Another dance worth celebrating is the mezinke. The mezinke toasts parents who have seen their last child married: Mezinke means “little one” in Yiddish. Parents with all married children are surrounded by loved ones dancing to the Klezmer tune “Di Mizinke Oysgegebn, The Youngest Daughter is Given Away.”

Some variations of this dance include giving the mother a flower crown. In others, revelers dance with decorative brooms to symbolize “sweeping” the last child out of the house. Although the mezinke started as an Ashkenazi Jewish wedding tradition, it’s getting popular with Mizrahi and Sephardic Jewish weddings, too!

What Do I Wear to a Jewish Wedding?

Jewish wedding attire can change based on the location and personal preferences of the couple. For instance, synagogues might have guidelines for apparel. Some temples request wedding dresses to cover the shoulders and knees and have cleavage coverage. Men could be instructed to wear a suit jacket, long pants, and a yarmulke or kippah (a brimless cap).

The denomination of the synagogue can affect these rules. For example, a Reform Jewish wedding ceremony might have more looser restrictions than an Orthodox one.

Weddings outside a temple typically allow greater flexibility and freedom in dress. Shorter dresses, pantsuits, sheer fabric, and more are all on the table.

Brides could visit shops specializing in Jewish wedding dresses or a secular one, depending on their requirements. Brides might prefer to don a suit or pantsuit instead. Check with your venue or officiant for suggestions or your rabbi should you marry in a synagogue.

What Do You Need For a Traditional Jewish Wedding?

These are a few items to consider bringing for your Jewish traditional wedding:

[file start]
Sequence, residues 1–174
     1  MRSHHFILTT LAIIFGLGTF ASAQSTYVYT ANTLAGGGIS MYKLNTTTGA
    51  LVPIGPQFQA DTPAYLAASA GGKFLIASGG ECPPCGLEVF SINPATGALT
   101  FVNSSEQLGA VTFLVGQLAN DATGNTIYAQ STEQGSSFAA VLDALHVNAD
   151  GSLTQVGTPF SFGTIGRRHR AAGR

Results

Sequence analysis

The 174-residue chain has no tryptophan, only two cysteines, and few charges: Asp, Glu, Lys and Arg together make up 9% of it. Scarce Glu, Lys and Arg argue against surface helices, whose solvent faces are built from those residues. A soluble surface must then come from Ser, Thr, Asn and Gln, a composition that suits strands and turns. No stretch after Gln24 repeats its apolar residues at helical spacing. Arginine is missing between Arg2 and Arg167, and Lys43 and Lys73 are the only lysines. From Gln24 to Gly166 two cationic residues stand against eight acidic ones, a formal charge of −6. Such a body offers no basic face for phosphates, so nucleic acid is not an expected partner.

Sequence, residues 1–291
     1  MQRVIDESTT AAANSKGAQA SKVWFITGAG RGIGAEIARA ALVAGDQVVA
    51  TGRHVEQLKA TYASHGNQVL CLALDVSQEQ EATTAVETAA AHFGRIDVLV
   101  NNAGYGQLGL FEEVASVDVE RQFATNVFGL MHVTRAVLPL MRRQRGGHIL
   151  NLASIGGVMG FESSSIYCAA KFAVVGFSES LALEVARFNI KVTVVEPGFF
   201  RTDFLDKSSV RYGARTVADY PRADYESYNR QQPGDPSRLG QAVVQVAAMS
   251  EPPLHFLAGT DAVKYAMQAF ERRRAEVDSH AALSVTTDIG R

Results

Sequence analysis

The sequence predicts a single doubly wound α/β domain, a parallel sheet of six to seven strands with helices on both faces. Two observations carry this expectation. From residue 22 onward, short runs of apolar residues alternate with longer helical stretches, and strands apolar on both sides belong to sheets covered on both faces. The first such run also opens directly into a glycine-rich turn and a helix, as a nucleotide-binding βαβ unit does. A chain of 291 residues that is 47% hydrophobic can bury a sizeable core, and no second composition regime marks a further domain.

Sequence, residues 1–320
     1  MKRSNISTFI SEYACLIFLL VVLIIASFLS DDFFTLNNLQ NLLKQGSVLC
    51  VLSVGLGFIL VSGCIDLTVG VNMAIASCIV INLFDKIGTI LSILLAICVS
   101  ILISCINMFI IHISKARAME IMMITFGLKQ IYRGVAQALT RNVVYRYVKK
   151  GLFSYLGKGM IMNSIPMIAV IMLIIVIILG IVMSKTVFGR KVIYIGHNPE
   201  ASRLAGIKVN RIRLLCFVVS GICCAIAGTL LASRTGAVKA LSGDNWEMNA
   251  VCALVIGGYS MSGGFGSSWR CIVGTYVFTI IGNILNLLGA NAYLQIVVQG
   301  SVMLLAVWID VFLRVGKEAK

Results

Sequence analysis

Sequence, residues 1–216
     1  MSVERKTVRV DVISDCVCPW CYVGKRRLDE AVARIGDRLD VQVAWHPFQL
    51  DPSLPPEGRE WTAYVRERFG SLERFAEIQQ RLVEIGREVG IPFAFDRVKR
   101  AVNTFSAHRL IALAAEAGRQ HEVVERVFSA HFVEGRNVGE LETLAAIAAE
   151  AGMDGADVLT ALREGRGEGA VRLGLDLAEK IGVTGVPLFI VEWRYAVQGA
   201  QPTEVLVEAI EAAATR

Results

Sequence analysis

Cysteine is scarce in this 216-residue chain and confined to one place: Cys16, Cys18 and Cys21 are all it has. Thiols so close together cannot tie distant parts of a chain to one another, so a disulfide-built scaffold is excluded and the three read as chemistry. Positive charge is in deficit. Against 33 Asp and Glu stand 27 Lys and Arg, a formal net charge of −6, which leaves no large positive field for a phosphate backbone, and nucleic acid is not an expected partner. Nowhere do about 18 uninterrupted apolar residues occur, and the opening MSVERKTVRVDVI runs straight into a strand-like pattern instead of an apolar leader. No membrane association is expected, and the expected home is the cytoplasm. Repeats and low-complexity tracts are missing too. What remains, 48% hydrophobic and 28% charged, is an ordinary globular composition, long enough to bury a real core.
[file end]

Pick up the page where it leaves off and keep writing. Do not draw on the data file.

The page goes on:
Celebrate With La Venta Inn — The Top Los Angeles Jewish Wedding Venue

Exclusive Ocean Views

The Pacific Ocean is the ultimate backdrop for your engagement party, rehearsal dinner, and wedding. The peaceful roll of the waves sets the stage for an unforgettable day.

Historic Charm

The La Venta Inn has stood proudly since 1923, making it a testament to strong foundations and tender care. Designated as a California Historic Resource in 1990, when you marry at the La Venta Inn, you too become a part of its world-famous, long-lasting legacy.

Personalized Service

Dedicated to excellence, our team of service professionals spare no effort in securing flawless traditional Jewish wedding festivities, meticulously attending to each aspect outlined in your wedding day schedule.

Traditional Jewish Wedding Catering in Los Angeles, CA

Discover the most luxurious destination for your Jewish wedding in Los Angeles, CA at La Venta Inn. Sample our diverse and customizable menu offerings, designed to complement your special day with a curated selection that reflects on and celebrates cultural traditions.

Made by Meg Catering

Elevated catering for weddings, corporate events, and more.
Disclaimer: Kosher meals provided at request

Tipsy Pear

Elevated bar services for weddings, corporate events, and more.

Immerse Yourself in the Elegance and Tradition of Past Jewish Weddings Hosted At La Venta Inn

The Grounds: Find the Best Jewish Wedding Venue At La Venta Inn

The Ceremony Lawn